It would behoove you to ask questions during your preliminary meeting.

Who will be performing the work and what is their experience level?

Who will supervise the work and how frequently will they be on site to inspect it?

Do they have a portfolio or website where you can view their projects?

Do they have a list of client references?

Can you visit any of their past projects or projects currently under construction? The latter

request is a tall order to fill so don't be surprised if the contractor is reluctant to allow you to

visit a job that is currently under construction. Doing so could create a potential liability for

them and may not be safe for you. Their answer will likely depend on the type of job you would

like to visit.

When talking to prospective contractors, you will also want to consider what their project experience has been? Is your project new construction or an addition or renovation? Or a combination? Yes it matters. New construction vs. renovations are totally different beasts unless you are okay with your addition/renovation possibly sticking out like a sore thumb. You should keep this in mind when hiring your design professional/architect as well. It takes a highly-skilled team to be knowledgeable about likely/potential existing conditions and tying in new work. Even those of us who are experienced miss things from time to time. (Unfortunately X-ray vision isn't available yet.) While aesthetics are certainly important - structural integrity is imperative.


If your project involves electrical, plumbing, heating and air work, etc. then it is typically a given that there will be subs working on your job. There are many Class A Contractors who do not perform any of the work themselves (other than supervising the job). This means that every portion of your project is built by another company from the ground up. This is not to say that particular type of Class A Contractor is not knowledgeable or incapable of providing a quality product but this will make a difference in the cost of the work as most contractors add a mark up subcontractor work. Typically 15-20%. (By the way, Rave does not mark up subcontractor services. We will save those details for another post. Stay tuned.)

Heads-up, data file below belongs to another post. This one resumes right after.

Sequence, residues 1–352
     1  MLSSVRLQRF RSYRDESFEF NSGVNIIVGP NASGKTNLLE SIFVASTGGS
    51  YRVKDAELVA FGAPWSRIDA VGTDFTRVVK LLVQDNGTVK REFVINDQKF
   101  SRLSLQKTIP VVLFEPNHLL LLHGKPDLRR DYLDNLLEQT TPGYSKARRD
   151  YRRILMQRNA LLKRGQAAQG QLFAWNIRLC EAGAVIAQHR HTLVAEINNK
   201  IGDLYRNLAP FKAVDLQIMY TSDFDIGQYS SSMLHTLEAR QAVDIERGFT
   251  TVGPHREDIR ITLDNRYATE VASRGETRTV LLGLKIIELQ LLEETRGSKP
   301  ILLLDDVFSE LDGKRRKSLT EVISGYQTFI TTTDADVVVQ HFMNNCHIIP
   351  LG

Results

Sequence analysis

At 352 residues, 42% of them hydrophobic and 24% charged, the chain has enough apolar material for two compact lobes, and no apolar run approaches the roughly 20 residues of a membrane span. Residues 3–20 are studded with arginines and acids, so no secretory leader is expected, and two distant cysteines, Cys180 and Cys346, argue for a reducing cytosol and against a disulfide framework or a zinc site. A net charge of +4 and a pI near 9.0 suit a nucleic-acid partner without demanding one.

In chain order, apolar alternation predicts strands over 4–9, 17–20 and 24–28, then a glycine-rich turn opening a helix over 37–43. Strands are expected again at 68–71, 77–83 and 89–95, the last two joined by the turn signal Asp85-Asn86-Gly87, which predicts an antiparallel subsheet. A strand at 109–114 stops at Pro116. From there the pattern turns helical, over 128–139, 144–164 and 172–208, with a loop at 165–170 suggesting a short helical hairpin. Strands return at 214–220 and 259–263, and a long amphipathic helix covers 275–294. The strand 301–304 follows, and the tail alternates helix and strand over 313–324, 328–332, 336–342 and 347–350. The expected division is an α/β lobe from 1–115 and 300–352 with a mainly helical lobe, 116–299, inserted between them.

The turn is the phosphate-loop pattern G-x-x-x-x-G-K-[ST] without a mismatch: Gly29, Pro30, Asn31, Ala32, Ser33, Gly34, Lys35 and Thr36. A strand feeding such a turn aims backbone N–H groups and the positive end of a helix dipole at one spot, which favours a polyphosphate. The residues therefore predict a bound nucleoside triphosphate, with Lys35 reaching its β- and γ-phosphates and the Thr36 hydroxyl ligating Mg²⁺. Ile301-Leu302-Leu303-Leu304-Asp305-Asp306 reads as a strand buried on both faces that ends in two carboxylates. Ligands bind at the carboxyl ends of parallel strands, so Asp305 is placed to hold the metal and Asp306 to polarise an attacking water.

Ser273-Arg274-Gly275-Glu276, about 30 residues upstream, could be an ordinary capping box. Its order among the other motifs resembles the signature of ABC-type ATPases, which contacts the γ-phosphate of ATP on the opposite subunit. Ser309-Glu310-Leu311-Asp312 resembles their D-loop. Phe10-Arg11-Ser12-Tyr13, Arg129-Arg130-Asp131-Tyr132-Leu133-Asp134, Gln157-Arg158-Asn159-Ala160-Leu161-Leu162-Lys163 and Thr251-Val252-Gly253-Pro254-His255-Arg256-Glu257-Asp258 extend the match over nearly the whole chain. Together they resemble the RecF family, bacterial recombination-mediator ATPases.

Last but not least....


Is your potential contractor insured? Are their subs involved and are they insured? You have the right to ask for a copy of their COI (Certificate of Insurance). If they are not insured then you are running a very big risk if something goes wrong. Accidents happen. There are different types of insurance your contractor is legally required to carry:

A. General Liability

The extent of general liability coverage varies however the most common coverage extents are

$500,000, $! million and $2 million.

B.Workman's Comp

The dynamics have changed tremendously for those in the construction business over the past

few years. For example, if a general contractor has 3 or more employees OR the contractor pays

subcontractors to perform work and the sub has employees - then those subs and the subs'

employees are considered employees of the lead contractor. Did you follow that? As a result of

this newer legislation, that means the lead contractor must have a worker's comp policy (even if

the sub has their own policy). Frustrating and costly by the way but a legal requirement


C. Builder's Risk

A Builder's Risk policy is a type of insurance that covers your property during construction. (It

may also cover materials on site and the contractor's equipment). For a more detailed

explanation, click here. If you have a mortgage on your home, your lender will probably require

you to purchase a Builder's Risk Policy. This may be as simply as calling whoever you have

your regular homeowner's policy with and adding on the Builder's Risk while your work is being


If you don't have a mortgage, you may want to consider purchasing a Builder's Risk

Policy anyway. Your contractor may require you purchase one and if so, this will likely be

language included in your contract.

In addition to ensuring you hire the contractor best suited for your project, all of these factors will play a role in the pricing of your work. If you're reviewing bids for your job and you notice a gap in pricing from on contractor's estimate to the next- it could very well be a reflection of their experience and overhead expenses (licensing, insurance, etc).

We understand this is a lot of information to digest. Hopefully your excitement to embark upon the project of your dreams has not been squelched by the time you are finished reading this but we can't stress the importance of knowing about these things before you sign the dotted line. If you are a DIY type of homeowner and wish to be your own general contractor, Rave offers Project Management services that can help guide you from start to finish. A service you may want to consider particularly if you are tackling a bigger job.